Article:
So, I am catching up a bit on the technical documentation. A week taken to play Skyrim combined with various other bits and pieces made this a little difficult.
On the bright side, there are a few new things that have been worked on so hopefully plenty of things to cover soon.
We manage a number of servers and all over the place and all of them require to be backed up. We also have a number of desktops all with mirrored disks also getting backed up.
I like things to be all nicely efficient and its annoying when one server / desktop runs out of space when another two (or ten) has plenty of space. We grew to dislike NFS particularly due to the single point of failure and there were few other options.
We had tried glusterfs a few years ago (think it was at version 1.3 or something) and there were various issues particularly around small files and configuration was an absolute nightmare.
With high hopes that version 3.2 was exactly what we were looking for, we set up three basic machines for testing
Previously, glusterfs required all the configuration to be completed manually and with text files. It also required a fairly detailed knowledge of what they called translators and a lot of tweaking and fiddling with parameters.
I am very happy to report that this is no longer the case with 3.2.
The three servers(cserver[1-3]) are running Ubuntu and was updated to Natty (11.10) to get access to glusterfs 3.2 (11.04 only had 3.0). One thing to bear in mind is that the glusterfs website seemed to only have the 64 bit version but Ubuntu 11.10 also has the 32bit version.
Installing the server part of glusterfs was simple and straightfoward
$ sudo aptitude install glusterfs-server
Once this was done all three servers (terminator is a godsend when doing these things across a number of servers), adding the servers into a “cluster” was easy enough.
shri@cserver1:~$ gluster peer probe cserver2 Probe successful shri@cserver1:~$ sudo gluster peer probe cserver3 Probe successful
The thing to note is that these probe statements are two way. In other words, all three servers are now part of the same cluster.
shri@cserver3:~$ sudo gluster peer status Number of Peers: 2 Number of Peers: 3 Hostname: cserver1 Uuid: 8fe63300-e227-4aec-81f3-69b33f894330 State: Peer in Cluster (Connected) Hostname: cserver2 Uuid: 275ce612-2dd8-4e2a-8cc8-3115ad18c594 State: Peer in Cluster (Connected)
The thing is that if you type in an incorrect hostname, the probe will keep trying to connect to it. I haven’t left it running long enough to know if it every returns.
shri@cserver3:~# sudo gluster peer probe does-not-exist ^C shri@cserver3:~# sudo gluster peer status Number of Peers: 3 Hostname: cserver1 Uuid: 8fe63300-e227-4aec-81f3-69b33f894330 State: Peer in Cluster (Connected) Hostname: cserver2 Uuid: 275ce612-2dd8-4e2a-8cc8-3115ad18c594 State: Peer in Cluster (Connected) Hostname: does-not-exist Uuid: 00000000-0000-0000-0000-000000000000 State: Establishing Connection (Disconnected)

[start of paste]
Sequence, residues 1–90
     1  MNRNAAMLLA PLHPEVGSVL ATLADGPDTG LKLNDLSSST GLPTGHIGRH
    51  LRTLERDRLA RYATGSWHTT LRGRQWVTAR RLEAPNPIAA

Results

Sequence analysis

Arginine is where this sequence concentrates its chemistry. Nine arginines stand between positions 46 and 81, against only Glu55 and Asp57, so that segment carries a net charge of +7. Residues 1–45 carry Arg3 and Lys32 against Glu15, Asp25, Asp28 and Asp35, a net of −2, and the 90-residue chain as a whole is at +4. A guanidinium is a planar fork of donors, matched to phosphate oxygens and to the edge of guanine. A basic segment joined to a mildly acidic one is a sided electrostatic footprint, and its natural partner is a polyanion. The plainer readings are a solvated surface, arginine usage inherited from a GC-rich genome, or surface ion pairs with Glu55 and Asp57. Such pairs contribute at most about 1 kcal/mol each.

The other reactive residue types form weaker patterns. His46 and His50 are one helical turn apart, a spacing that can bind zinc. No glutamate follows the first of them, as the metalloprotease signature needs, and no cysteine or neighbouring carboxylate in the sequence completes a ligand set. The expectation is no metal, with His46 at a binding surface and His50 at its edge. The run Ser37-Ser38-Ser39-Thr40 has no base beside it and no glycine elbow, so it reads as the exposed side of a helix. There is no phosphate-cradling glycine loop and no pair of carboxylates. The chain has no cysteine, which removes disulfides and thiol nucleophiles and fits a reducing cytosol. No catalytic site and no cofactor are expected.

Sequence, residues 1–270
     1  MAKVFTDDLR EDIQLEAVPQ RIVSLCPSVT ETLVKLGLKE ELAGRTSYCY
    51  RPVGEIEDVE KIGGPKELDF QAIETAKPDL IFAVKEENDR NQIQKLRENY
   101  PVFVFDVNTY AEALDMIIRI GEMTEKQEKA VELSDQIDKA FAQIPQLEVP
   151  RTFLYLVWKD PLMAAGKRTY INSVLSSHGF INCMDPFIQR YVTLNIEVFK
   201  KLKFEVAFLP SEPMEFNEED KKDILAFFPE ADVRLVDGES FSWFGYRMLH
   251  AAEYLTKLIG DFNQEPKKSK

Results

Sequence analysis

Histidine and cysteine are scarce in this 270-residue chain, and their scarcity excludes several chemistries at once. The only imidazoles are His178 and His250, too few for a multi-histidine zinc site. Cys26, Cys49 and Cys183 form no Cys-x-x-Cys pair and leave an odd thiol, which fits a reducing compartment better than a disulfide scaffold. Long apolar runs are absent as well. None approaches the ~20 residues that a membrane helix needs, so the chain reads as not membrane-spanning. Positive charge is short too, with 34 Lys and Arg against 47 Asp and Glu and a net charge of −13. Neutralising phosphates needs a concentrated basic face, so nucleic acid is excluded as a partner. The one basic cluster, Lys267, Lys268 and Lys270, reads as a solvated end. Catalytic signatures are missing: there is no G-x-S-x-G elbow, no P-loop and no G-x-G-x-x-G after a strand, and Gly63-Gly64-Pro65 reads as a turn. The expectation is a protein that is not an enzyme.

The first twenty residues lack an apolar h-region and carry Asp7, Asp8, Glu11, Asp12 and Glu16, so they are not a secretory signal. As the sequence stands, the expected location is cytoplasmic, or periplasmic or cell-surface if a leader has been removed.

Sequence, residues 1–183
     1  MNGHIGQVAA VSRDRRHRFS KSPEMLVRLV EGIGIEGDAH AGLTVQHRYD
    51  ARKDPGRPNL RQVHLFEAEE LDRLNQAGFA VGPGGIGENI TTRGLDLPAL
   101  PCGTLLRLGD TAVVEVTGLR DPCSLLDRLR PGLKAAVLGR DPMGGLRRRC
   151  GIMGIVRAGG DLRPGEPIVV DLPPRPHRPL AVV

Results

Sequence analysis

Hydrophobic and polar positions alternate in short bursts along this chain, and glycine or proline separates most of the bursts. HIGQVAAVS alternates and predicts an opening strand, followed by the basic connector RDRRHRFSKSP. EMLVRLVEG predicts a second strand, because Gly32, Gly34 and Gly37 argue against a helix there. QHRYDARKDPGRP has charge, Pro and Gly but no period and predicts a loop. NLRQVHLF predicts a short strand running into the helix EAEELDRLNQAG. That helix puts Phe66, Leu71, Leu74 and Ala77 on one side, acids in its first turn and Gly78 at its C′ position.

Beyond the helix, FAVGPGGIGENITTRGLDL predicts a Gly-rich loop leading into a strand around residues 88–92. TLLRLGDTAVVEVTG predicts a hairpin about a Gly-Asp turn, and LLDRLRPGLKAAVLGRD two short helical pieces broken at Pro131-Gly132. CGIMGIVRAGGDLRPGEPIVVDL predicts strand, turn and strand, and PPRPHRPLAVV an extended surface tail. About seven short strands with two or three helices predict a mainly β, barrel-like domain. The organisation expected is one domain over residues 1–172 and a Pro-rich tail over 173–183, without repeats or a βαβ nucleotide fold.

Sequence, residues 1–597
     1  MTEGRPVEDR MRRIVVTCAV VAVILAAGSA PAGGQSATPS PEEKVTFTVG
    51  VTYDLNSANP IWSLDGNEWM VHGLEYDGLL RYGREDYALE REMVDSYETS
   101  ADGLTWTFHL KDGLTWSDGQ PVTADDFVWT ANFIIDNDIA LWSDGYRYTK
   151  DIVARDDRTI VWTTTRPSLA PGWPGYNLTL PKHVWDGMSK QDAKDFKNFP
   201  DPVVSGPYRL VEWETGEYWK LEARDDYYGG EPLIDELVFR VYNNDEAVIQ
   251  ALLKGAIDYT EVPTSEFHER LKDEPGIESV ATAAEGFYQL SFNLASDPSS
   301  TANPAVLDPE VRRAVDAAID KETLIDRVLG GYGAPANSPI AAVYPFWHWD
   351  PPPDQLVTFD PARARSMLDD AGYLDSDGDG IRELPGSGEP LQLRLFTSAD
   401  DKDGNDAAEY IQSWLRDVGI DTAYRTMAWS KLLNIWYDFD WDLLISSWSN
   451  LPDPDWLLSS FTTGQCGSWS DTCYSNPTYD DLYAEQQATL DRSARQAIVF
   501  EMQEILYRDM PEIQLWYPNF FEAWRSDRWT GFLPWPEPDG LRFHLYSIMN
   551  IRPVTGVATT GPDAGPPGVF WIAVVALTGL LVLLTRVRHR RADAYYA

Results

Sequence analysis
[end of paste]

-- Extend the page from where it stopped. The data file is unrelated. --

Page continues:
Thankfully, removing host does-not-exist is simple enough
shri@cserver3:~# sudo gluster peer detach does-not-exist Detach successful shri@cserver3:~# sudo gluster peer status Number of Peers: 2 Hostname: cserver1 Uuid: 8fe63300-e227-4aec-81f3-69b33f894330 State: Peer in Cluster (Connected) Hostname: cserver2 Uuid: 275ce612-2dd8-4e2a-8cc8-3115ad18c594 State: Peer in Cluster (Connected)
Creating a volume is straightforward. There are a number of different types of volumes which you can find out from the documentation. In this particular instance, we are creating a distributed replicated
shri@cserver3:~$ sudo gluster volume create testvol replica 2 transport tcp cserver1:/gdata cserver2:/gdata Creation of testvol has been successful Please start the volume to access data
The reason I have not included cserver3 in here is that the volume needs a multiple of the replica number of bricks. In the case, the there needs to be a muliple of 2 number of bricks.
Additionally, you could use rdma instead of tcp if you are using infiniband
Starting the volume is simple enough
shri@cserver3:~$ sudo gluster volume start testvol
this volume is now accessible from all the boxes in the cluster
shri@cserver1:~# sudo gluster volume info Volume Name: testvo Type: Distributed-Replicate Status: Started Number of Bricks: 2 x 1 = 2 Transport-type: tcp Bricks: Brick1: cserver1:/gdata Brick2: cserver2:/gdata
Mounting this from another box is easy
$ sudo aptitude install glusterfs-client $ sudo mount -t glusterfs /mnt cserver:/testvol
If you get the error of “endpoint not connected” when listing the content of the mount, it is likely because the volume is not started.
If you are curious, check the gdata folders in the bricks after copying some files into the mount and you’ll find them show up intact and on both bricks in the above example.